Why Anglo Saxon Celt?
Sarah’s Potted History of Britain (to be consumed with a pinch of salt*): There’s been a long history of raids and invasions by people from the rest of Europe, most notably the Vikings, Romans and Germanic tribes. The Iron Age British people, now known as the Celts, were pushed to the less fertile, mountainous Western and Northern reaches of the British Isles (i.e. Ireland, Wales, Cornwall, Scotland) by the Romans. The Celts that remained in Roman England adopted the language and lifestyle of the Romans. After the Romans left, the Germanic tribes (Angles, Saxons, Jutes, etc.) moved in.
I’ve called myself an Anglo-Saxon Celt on this blog because I was born and raised in Wales by English parents, and I’ve lived in Ireland since 2000. I’ve always been surrounded by art and stories that have an Anglo Saxon or Celtic flavour. This flavour has permeated into my art, mainly through my use of interlace/knotwork and stylized animal designs. It is the kind of art that you find in illuminated works such as the Book of Kells or on artefacts such as the jewelry in the Sutton Hoo burial trove. I was received into the Catholic Church in February 2016 so my subsequent artwork will reflect this major change in my life.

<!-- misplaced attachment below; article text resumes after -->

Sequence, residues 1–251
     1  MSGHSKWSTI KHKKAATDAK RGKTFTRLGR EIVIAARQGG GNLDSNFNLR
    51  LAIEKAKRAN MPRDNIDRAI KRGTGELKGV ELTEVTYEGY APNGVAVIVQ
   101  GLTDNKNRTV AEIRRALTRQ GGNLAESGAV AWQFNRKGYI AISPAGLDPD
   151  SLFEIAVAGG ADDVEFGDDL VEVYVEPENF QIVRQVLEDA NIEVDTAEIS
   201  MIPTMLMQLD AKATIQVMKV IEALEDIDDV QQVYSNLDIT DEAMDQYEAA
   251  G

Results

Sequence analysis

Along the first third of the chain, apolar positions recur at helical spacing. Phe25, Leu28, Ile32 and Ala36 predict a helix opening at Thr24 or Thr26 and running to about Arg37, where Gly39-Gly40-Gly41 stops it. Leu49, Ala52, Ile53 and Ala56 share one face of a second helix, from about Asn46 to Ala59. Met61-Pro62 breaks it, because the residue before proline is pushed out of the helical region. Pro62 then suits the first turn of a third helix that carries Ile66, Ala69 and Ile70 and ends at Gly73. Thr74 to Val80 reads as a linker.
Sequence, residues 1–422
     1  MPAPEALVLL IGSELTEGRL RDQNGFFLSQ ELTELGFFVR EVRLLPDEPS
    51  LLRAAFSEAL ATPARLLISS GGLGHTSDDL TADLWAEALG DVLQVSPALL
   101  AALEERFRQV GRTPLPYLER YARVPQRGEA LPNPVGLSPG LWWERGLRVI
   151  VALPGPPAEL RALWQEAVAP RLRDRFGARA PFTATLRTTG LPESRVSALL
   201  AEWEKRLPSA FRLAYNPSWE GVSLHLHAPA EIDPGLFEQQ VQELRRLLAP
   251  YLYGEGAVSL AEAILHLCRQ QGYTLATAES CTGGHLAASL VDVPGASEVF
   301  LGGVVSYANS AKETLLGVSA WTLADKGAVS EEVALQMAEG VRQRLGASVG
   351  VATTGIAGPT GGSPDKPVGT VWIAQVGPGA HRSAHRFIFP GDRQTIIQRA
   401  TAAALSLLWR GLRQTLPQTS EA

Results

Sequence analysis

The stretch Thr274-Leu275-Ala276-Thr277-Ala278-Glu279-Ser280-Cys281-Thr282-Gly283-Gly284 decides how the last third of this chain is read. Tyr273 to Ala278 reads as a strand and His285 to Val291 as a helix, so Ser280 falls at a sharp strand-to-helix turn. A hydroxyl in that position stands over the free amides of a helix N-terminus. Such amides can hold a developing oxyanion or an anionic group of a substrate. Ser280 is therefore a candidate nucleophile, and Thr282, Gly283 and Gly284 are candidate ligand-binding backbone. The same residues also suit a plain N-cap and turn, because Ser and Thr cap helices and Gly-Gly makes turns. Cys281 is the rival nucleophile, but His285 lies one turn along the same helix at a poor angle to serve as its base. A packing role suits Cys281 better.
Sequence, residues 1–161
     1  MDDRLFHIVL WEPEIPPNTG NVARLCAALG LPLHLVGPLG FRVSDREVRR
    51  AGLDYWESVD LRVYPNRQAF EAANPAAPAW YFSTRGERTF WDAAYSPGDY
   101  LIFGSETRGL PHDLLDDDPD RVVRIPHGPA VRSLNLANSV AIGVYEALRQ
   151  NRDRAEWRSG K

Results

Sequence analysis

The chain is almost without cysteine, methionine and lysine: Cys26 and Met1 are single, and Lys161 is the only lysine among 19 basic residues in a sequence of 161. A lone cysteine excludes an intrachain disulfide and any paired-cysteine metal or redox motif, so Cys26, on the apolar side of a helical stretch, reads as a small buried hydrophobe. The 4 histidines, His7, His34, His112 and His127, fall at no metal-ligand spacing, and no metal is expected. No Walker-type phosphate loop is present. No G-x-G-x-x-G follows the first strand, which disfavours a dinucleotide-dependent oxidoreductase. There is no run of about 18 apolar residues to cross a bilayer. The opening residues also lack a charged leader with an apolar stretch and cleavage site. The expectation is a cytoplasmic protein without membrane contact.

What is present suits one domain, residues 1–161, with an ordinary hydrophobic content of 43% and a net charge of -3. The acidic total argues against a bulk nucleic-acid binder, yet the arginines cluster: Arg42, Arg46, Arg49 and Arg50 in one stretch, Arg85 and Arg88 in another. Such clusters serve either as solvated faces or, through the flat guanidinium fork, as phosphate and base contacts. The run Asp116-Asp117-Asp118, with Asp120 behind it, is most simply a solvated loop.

I convert some of my artwork into digital form and sometimes I do pieces entirely on my graphics tablet. I used to use a drawing package called Manga Studio but now I mainly use a free piece of software called Krita.
In the early days of the blog I also shared photos of things I made. I love origami and crochet, which seem to me to be another kind of knotwork. They just use different materials like yarn and paper.
*Taking something with a pinch of salt means that it might not be entirely trustworthy.